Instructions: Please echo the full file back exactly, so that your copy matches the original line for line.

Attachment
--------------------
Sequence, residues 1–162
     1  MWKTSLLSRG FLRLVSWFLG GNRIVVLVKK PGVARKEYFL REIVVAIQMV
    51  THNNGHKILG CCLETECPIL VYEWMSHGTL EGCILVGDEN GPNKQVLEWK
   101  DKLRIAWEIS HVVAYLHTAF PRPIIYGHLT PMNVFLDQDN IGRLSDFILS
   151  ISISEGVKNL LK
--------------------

Sequence, residues 1–162
     1  MWKTSLLSRG FLRLVSWFLG GNRIVVLVKK PGVARKEYFL REIVVAIQMV
    51  THNNGHKILG CCLETECPIL VYEWMSHGTL EGCILVGDEN GPNKQVLEWK
   101  DKLRIAWEIS HVVAYLHTAF PRPIIYGHLT PMNVFLDQDN IGRLSDFILS
   151  ISISEGVKNL LK